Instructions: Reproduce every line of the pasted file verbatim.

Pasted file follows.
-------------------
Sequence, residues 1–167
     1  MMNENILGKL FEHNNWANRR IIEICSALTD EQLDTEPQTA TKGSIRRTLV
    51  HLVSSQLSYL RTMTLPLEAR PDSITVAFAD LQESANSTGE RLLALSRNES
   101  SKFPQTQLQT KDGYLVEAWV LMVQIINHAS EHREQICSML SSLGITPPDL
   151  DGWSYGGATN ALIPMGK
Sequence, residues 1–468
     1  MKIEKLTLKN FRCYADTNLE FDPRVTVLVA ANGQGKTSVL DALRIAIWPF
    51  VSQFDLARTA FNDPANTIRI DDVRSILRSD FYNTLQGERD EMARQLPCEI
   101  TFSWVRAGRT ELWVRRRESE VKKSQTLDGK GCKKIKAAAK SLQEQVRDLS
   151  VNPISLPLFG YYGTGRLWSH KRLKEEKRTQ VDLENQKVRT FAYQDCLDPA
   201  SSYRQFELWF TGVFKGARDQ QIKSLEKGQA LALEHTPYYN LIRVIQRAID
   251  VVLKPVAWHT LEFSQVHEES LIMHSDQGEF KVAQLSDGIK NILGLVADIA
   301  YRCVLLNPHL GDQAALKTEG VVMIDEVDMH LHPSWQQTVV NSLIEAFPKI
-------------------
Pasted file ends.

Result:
Sequence, residues 1–167
     1  MMNENILGKL FEHNNWANRR IIEICSALTD EQLDTEPQTA TKGSIRRTLV
    51  HLVSSQLSYL RTMTLPLEAR PDSITVAFAD LQESANSTGE RLLALSRNES
   101  SKFPQTQLQT KDGYLVEAWV LMVQIINHAS EHREQICSML SSLGITPPDL
   151  DGWSYGGATN ALIPMGK
Sequence, residues 1–468
     1  MKIEKLTLKN FRCYADTNLE FDPRVTVLVA ANGQGKTSVL DALRIAIWPF
    51  VSQFDLARTA FNDPANTIRI DDVRSILRSD FYNTLQGERD EMARQLPCEI
   101  TFSWVRAGRT ELWVRRRESE VKKSQTLDGK GCKKIKAAAK SLQEQVRDLS
   151  VNPISLPLFG YYGTGRLWSH KRLKEEKRTQ VDLENQKVRT FAYQDCLDPA
   201  SSYRQFELWF TGVFKGARDQ QIKSLEKGQA LALEHTPYYN LIRVIQRAID
   251  VVLKPVAWHT LEFSQVHEES LIMHSDQGEF KVAQLSDGIK NILGLVADIA
   301  YRCVLLNPHL GDQAALKTEG VVMIDEVDMH LHPSWQQTVV NSLIEAFPKI